Visual Thinking: Not Just About Pictures

While working through the process of visual thinking, it’s easy to come to the conclusion that visual thinking is predominantly about drawing pictures. While this is true to a certain degree, I would like to however broaden the idea of what a picture is — at least in terms of how it relates to visual thinking.

A picture is any type of graphical or organizational tool you use that helps you to represent your thoughts and ideas in a visual way.

When it comes to visual thinking, I have divided the concept of a picture into six distinct categories:

  1. Sketches
  2. Diagrams
  3. Charts
  4. Metaphors
  5. Tables
  6. Combos

To stay consistent with our visual thinking MAGIC metaphor, these categories are akin to potions that can help you represent your thoughts and ideas from a variety of perspectives.

When it comes to magic, ingredients are mixed together in a specific way that help us develop the potions we need to create a magical spell. Further to this, a combination of potions creates a concoction that can be used to ward off evil dragons and spirits. 😉

In terms of visual thinking, our ingredients are known as components that are used in a specific combination to create techniques (potions) that we use to solve our problems or represent our ideas visually. Individually, each of these techniques can also be defined as an element — an element of the visual thinking technique periodic table.

Just like with magic, while thinking visually you must be careful not to fall into the trap of using too many techniques (potions) at one time to try and represent your thoughts and ideas. Mixing too many potions (techniques) in a concoction can literally spell “disaster” and will tend to over-complicate your visuals.

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Visual Metaphor: Bridging the Gap

Now that you are familiar with visual thinking metaphors and analogies, today, I would like to provide you with a practical example of a visual thinking metaphor that is often used for life coaching purposes to help clients clarify their goals and objectives. In fact, it is one of the many visual thinking metaphors we will be discussing in the coming months.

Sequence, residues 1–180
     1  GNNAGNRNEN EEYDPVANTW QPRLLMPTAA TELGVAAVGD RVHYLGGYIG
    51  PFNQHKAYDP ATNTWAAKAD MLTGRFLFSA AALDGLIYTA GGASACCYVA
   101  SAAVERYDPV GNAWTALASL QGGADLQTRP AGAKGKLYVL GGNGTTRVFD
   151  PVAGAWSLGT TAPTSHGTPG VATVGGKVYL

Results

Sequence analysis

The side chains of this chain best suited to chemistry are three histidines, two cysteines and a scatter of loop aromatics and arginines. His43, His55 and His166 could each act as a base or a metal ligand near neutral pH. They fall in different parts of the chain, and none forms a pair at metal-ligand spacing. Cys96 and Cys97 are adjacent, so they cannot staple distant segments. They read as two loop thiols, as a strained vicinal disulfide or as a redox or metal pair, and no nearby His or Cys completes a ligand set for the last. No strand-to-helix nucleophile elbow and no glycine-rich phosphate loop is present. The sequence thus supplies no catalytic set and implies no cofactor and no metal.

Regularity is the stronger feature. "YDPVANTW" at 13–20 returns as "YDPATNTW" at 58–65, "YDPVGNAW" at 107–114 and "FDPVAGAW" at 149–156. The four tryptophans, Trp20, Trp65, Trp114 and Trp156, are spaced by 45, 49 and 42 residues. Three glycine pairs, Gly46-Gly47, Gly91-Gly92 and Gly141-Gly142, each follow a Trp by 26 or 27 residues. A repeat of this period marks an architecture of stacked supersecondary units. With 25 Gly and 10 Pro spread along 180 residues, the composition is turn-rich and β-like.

Building a Visual Bridge

This visual thinking metaphor explores a number of key critical areas that are fundamental to the process of goal setting. It explores the following areas:

First of all, familiarize yourself with the blank template below and then read the brief explanation about how you can use this tool for your own purposes. Keep in mind that a visual metaphor such as this is most ideally used when sketched out on a large whiteboard — allowing you plenty of open space to work with.

Click here to download a pdf sample of this visual thinking metaphor.

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Case Study: Visualizing Your Options

Today I would like to provide you with a quick case study of how visual thinking was applied to a tough decision that one of my life coaching clients was trying to work through. Her name is Emma (not her real name), and we are going to look at how to go about visualizing your options.

Emma’s Current Reality

Emma worked at the head-office of a large food distributor earning a good living. However, Emma was at a point in her career where she felt as though things were stagnating. She wasn’t growing, didn’t feel challenged and the passion she once had for her work was no longer there. However, the job she had provided her with great financial security and stability, so-much-so that pretty much every physical possession she had in her life came as a direct result from sticking with this career path for over 15 years. In short, she was comfortable, but not very fulfilled.

Emma’s Desired Reality

She often spoke with me about her childhood dreams of owning her own restaurant and breaking free from the corporate world. She absolutely loved the idea of owning a restaurant and spent many weekends studying and researching the business. However, she never took the plunge because she understood the risks and the commitment required to make this move.

One day an opportunity came up. She started dating a guy whose sister (Michelle) had the same aspirations. Over a period of several weeks they talked about their aspirations and finally decided to take the plunge and start their own restaurant.

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